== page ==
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Integrationsbeirat Leipzig
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Equal rights
Art. 3

Integration Advisory Council Leipzig

Two members of the Integration Advisory Council Leipzig had to leave it due to a questionable legal change. We support their legal action against the exclusion.

The GFF supports two former members of the Leipzig Integration Advisory Council who had to give up their seats due to a questionable legal change in the Advisory Council's rules. According to the new regulations, only persons with a "secured right of residence" can become members of the Advisory Council. In the GFF's opinion, this requirement without good reason makes it more difficult for the two long-standing members of the Integration Advisory Council to participate in integration in the district of Leipzig.

After a negative decision by the Saxon Higher Administrative Court (OVG) in the summary proceedings, the GFF supports the plaintiffs' application to the Saxon Higher Administrative Court (OVG) for a standards check in the main case. Unsurprisingly, the OVG upheld the statute in the main proceedings as well and did not even allow an appeal. This decision was overturned by the Federal Administrative Court in February 2022, so that we can now conduct appeal proceedings in Leipzig.

Emad A. and Mehman R. were members of the integration advisory council of the district of Leipzig for three and a half years. They volunteered in addition to their jobs and studies and represented the interests of foreign residents of the district.

In the fall of 2018, the district council changed the rules of the Integration Advisory Council (IBO). While the IBO previously provided for the membership of "two persons with a migration background living in the district," now only "three residents ... with a migration background and German citizenship or secured right of residence" may be members of the advisory board. The new IBO excluded A. and R., who only have a residence permit and a toleration permit, respectively, from the Integration Advisory Board.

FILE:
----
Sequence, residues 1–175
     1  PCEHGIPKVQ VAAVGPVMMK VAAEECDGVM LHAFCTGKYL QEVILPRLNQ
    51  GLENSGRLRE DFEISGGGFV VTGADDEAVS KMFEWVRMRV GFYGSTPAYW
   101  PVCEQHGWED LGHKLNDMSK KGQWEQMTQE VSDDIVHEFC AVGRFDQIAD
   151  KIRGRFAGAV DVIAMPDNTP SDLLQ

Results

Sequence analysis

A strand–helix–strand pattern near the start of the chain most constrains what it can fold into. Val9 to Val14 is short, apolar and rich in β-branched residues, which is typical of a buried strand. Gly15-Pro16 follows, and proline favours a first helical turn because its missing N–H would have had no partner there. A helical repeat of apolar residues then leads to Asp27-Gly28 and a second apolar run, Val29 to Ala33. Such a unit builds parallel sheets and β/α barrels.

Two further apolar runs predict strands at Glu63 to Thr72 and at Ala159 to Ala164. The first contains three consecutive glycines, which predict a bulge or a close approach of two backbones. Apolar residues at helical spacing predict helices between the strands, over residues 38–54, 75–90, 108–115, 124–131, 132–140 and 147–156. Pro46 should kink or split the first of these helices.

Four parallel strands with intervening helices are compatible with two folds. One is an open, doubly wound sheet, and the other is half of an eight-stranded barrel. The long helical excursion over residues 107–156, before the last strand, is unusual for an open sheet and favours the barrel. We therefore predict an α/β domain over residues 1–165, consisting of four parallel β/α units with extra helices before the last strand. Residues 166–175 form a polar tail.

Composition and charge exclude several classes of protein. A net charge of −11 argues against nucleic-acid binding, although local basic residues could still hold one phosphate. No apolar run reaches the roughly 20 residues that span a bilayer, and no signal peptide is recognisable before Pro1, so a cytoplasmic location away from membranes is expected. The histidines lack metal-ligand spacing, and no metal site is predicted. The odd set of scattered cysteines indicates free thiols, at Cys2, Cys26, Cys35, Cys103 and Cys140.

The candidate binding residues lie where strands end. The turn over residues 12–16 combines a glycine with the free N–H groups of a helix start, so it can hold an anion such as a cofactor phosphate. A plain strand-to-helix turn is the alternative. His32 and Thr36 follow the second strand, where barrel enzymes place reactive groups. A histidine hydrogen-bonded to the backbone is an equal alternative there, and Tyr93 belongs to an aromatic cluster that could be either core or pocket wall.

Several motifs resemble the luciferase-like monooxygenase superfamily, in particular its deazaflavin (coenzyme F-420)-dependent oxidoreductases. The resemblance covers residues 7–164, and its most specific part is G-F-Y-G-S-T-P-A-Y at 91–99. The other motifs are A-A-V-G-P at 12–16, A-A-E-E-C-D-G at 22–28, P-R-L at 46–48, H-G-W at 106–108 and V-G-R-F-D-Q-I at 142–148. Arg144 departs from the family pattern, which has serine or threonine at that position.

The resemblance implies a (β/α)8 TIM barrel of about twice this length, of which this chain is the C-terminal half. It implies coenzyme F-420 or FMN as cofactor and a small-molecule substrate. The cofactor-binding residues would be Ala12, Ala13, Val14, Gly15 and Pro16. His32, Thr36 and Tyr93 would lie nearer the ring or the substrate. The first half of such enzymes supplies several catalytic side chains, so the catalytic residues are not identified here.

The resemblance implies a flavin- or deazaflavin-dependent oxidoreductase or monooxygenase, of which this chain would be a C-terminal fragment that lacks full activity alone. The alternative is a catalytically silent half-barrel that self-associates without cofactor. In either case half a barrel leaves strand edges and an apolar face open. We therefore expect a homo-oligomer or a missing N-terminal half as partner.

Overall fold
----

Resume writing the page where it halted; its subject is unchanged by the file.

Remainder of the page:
However, the stricter requirements of the IBO contradict the principle of equality in Article 3 (1) of the Basic Law. This is because they treat residents of the district unequally, without there being any objective reason for this. The residence status of a person is not such a reason, since this says little about the actual stay in the district. German citizens and foreigners with a secure right of residence can also change their place of residence or terminate their membership in the advisory council. Emad A. and Mehman R., who have now been excluded on the basis of their residence status, have each lived in the Leipzig district for many years.

In addition to the legally questionable unequal treatment, the amendment also harms the advisory council's ability to function. Integration advisory councils are supposed to enable foreign residents at the municipal level to represent their interests vis-à-vis the municipalities. By excluding people without a secure residence status, the interests of these people are also excluded from the decision-making processes of the Leipzig district. In this way, the advisory council cannot achieve its goal of making the voices of all people with a migration background heard.


The amendment of the IBO denies equal treatment to residents without a secure right of residence. However, the district of Leipzig is directly bound to basic rights - also towards foreign citizens. The GFF wants to stop this unequal treatment by the state. The goal is to have the change in the IBO found to be unlawful. The plaintiffs are represented in court by the Leizpig lawyer Dr. Simon Schuster and supported by the Borna-based association Bon Courage e.V., among others.